Researchers' Discovery Could Be Key to Developing a Vaccine Against Toxoplasma

Researchers' Discovery Could Be Key to Developing a Vaccine Against Toxoplasma

Toxoplasma gondii is a common parasite which causes the development of fatal encephalosis or pneumonia in immunodeficient patients under treatment of AIDS or cancer. Pregnant women who are infected may suffer a miscarriage or the newborn child may suffer from a congenital disease. Currently, a toxoplasma vaccine for humans is not available. Using experimental animals such as mice, basic research for developing an inactivated vaccine is underway.

This is a microscope image of Toxoplasma gondii inside an infected cell. Courtesy of Masahiro Yamamoto
 
Toxoplasma gondii is a common parasite which causes the development of fatal encephalosis or pneumonia in immunodeficient patients under treatment of AIDS or cancer. Pregnant women who are infected may suffer a miscarriage or the newborn child may suffer from a congenital disease. Currently, a toxoplasma vaccine for humans is not available. Using experimental animals such as mice, basic research for developing an inactivated vaccine is underway.

A group of researchers led by Masahiro Yamamoto, professor at Research Institute for Microbial Diseases and the Immunology Frontier Research Center at Osaka University, found that p62, a host molecule, played an important role in exerting immune effects of an experimental pathogenic parasite toxoplasma-inactivated vaccine. This group's achievement is expected to offer strategies for developing a toxoplasma-inactivated vaccine targeting p62 for treating toxoplasmosis, whose case reports have been on the rise in Japan in recent years.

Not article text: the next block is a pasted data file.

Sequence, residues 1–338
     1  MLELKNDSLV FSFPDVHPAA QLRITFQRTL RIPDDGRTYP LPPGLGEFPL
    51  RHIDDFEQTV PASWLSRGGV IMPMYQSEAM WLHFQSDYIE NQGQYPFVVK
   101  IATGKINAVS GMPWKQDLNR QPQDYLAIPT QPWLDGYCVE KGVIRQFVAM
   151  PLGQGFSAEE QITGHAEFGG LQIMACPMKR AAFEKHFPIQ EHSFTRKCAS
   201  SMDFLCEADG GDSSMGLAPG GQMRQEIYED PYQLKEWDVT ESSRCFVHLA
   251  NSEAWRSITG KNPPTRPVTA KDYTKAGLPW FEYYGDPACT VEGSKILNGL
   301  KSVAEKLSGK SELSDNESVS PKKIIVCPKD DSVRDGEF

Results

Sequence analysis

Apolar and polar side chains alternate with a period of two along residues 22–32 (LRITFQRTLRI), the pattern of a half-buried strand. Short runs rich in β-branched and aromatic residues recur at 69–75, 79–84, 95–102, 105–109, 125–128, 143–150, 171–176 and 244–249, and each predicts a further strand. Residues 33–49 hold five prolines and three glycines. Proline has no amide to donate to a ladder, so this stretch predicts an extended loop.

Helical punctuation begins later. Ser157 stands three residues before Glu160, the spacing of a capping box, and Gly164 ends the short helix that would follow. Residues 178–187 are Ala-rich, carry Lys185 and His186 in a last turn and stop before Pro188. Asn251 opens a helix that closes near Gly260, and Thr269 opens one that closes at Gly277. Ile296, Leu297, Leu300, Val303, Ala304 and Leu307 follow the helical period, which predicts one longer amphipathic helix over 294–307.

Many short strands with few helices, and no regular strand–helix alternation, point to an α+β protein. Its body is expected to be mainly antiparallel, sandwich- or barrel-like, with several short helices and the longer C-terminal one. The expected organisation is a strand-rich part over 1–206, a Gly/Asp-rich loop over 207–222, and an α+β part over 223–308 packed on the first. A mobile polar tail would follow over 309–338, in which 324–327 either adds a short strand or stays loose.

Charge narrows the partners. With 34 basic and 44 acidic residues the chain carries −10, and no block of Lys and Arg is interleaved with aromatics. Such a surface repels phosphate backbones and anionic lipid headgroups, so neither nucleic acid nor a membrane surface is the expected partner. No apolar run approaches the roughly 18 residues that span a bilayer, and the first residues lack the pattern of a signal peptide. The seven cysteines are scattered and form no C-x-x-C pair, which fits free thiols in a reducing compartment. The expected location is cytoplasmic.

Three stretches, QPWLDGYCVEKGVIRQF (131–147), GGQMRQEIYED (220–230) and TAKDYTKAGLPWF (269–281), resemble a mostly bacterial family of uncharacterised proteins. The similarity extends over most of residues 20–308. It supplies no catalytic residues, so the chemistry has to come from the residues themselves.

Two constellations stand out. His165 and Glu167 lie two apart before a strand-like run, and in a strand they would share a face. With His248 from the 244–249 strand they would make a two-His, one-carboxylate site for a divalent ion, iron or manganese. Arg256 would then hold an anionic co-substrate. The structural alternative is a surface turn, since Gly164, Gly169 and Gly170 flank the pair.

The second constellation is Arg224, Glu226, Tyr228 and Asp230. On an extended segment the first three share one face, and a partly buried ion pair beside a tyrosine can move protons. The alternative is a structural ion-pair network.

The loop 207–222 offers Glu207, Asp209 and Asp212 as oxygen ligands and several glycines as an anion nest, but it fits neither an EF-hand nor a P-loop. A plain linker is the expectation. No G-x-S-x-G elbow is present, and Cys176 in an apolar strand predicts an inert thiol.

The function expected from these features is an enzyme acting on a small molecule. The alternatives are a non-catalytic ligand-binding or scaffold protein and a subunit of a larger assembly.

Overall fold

From an prior study which found that the antigens derived from the toxoplasma emitted within the parasitophorous vacuole become the major antigens for the killer T cells, Yamamoto's group investigated the activation of killer T cells when the toxoplasma-infected cells were stimulated by interferon-γ (IFN-γ). As a result, it was found that the activity of antigen-specific killer T cells in infected cells that were stimulated by IFN-γ was dramatically higher than in non-stimulated infected cells. This robust activation of killer T cells seen when these infected cells undergo IFN-γ stimulation was significantly reduced in mice with p62 deficiencies. Even on an individual level, when compared with wild-type mice, there was a sharp decrease in antigen-specific killer T cells in p62 deficient mice when administered the toxoplasma-inactivated vaccine.

These findings clarified that IFN-γ-dependent p62 has the unique role of gathering in the parasitophorous vacuole of toxoplasma through IFN-γ stimulation and activating the antigen-specific killer T cells released within the parasitophorous vacuole, a world first.

The results of this research were published in Cell Reports on Oct. 2, 2015.

Source: Osaka University

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